“Quell is a 100% drug free, patented technology proven to fight chronic pain. Quell is FDA cleared for day and night treatment of chronic pain. Worn on the upper calf, it is designed for people with chronic pain such as low back pain, arthritic and joint pain, nerve pain, leg and foot pain, and widespread pain.”
Headaches are no fun for anybody, but migraines torture as another world of bestial pain. For those who suffer from them, standard drug therapy is prohibitive or simply ineffective and other techniques seem inadequate to escape the torturous, chronic condition. Now, modern tech arrives by utilizing TENS on a head mounted device, and it’s helping migraine sufferers.
Cefaly is a device designed to alleviate migraine pain. What exactly is Cefaly? From the official website:
"Cefaly is an External Trigeminal Nerve Stimulator (e-TNS). An adhesive electrode is placed on the forehead and the Cefaly is connected magnetically to this electrode. Precise micro-pulses are then sent through the electrode to the upper branch of the trigeminal nerve preventing future migraine attacks. Since 2008, Cefaly has been the subject of a number of clinical studies demonstrating its effectiveness and safety."
The device is aimed at migraine sufferers who have frequent bouts of pain and who can’t sustain a regular program of drug therapy.
The Future of Pain Management
What’s in store for us when it comes to digital pain management in the future? Will narcotics given orally and by injection be a thing of the past? Perhaps, more importantly, what can be foreseen when it comes to the abuse, misuse, and exploitation of the emerging field of digital drug tech?
For one thing, TENS may not be effective at all when it comes to certain kinds of chronic pain; for example, when suffering from a bad back. In the 2009 issue of Neurology, new guidelines were published, and the lead physician, Richard Dublinksy, M.D., stated: "Physicians are advised against ordering TENS for patients with chronic low back pain since it is proven not to work.”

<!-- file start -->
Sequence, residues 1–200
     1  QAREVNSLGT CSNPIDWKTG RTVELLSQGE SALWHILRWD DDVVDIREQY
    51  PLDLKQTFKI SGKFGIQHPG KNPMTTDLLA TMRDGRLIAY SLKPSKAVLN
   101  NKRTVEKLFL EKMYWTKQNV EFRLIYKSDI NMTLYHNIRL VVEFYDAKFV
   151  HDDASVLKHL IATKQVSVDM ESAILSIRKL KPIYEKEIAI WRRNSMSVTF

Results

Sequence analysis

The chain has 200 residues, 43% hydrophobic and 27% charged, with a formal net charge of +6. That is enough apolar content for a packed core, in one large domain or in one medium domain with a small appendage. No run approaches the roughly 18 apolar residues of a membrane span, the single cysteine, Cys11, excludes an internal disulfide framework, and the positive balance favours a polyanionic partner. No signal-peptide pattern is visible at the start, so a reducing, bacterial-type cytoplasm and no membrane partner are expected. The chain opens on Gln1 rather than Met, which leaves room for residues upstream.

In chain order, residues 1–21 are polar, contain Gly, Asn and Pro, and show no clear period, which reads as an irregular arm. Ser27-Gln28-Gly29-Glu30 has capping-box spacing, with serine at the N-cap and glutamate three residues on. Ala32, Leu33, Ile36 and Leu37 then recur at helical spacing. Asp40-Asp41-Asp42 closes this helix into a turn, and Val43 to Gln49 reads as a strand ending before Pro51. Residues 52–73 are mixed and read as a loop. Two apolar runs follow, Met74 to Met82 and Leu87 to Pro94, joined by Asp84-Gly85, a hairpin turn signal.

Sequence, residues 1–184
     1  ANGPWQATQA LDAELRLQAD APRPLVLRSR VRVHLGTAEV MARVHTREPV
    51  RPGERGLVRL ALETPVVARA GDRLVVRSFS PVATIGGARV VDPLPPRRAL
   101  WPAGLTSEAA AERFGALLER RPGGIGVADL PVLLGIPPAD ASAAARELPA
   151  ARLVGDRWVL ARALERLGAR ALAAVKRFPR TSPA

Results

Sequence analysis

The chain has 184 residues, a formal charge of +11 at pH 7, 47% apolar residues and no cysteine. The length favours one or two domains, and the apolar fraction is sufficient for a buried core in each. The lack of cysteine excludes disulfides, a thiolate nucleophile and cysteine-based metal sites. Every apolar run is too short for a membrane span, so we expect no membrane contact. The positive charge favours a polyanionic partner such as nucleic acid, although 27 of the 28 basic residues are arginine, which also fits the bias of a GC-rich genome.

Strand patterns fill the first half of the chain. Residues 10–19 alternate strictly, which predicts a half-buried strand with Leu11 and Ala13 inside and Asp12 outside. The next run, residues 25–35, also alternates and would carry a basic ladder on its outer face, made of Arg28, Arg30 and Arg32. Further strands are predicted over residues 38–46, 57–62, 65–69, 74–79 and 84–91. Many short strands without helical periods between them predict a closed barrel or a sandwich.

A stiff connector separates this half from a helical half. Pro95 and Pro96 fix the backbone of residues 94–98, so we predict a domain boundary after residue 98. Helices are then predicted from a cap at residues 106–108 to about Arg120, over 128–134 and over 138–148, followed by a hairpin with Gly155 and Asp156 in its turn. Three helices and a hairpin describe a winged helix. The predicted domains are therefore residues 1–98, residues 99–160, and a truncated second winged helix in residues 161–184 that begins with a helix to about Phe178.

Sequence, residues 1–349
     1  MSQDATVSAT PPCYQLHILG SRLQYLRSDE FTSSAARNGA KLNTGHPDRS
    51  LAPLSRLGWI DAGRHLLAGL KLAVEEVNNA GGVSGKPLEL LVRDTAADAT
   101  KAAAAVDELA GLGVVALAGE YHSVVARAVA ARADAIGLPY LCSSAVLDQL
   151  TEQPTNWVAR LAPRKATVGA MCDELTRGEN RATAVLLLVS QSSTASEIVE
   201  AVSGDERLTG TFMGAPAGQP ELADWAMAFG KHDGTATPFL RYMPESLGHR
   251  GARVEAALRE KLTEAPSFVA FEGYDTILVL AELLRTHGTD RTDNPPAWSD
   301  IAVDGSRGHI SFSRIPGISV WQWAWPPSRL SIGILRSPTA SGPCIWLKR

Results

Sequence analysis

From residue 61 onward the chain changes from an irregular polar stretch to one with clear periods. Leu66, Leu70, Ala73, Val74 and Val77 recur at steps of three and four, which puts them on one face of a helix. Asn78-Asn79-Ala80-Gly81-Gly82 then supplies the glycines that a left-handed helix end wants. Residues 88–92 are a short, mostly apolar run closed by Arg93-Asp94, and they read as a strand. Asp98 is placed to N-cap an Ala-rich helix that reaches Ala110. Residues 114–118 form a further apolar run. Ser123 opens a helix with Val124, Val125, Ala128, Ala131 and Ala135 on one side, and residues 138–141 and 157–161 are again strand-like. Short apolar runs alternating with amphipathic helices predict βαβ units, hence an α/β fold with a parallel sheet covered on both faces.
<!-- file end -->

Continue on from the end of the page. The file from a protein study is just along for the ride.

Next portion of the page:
However, there’s some disagreement over the accuracy of the guidelines. Two prominent German doctors, Andreas Binder and Ralf Baron, M.D., commented on the guidelines thusly, "[A]bsence of evidence is not evidence of absence," they wrote. Although the research on TENS may be thin, they said, "there seems to be considerable empirical evidence that, at least in some patients, TENS is useful."
Of course, it’s often the case people will do whatever they want, especially when it comes to their health and how they feel about their own personal struggle dealing with chronic pain. They don’t always use pain pills or other pain treatments as uniformly as a physician prescribes. Expecting them to use digital equivalents in a more responsible way may be idealistic. Overuse or abuse is always possible with anything, but what about modifying or hacking the tech?
Overusing the tech can cause the exact thing the user is trying to banish—pain. Moreover, if the intensity is too high, it can cause muscle soreness. Skin irritation can also be a problem, if good hygiene and the cleaning of the skin isn’t observed. These are the most common and basic cons of using the tech, but what of future things we can barely even imagine?
Cell phones are rooted by the owners and our computers are hacked by strangers. Websites are hijacked and modified and servers are invaded and compromised. By human nature, people love to tinker with technology. The notion that these personal pain relief devices can’t be the target of some kind of outside interference—either intentionally or not, is naive at best. Perhaps with some innovative experimentation, the hacking of such devices will prove beneficial to the user and the medical community at large. We can hope any hacking or modifications will only lead to improvements in the implementation of the tech, and not go down a dark road of harming users of digital drugs.
About the Creator
Screenwriter, book author, and producer. Wrote for 'Star Trek: The Next Generation & Deep Space Nine,' and has created docudramas for cable TV and the web.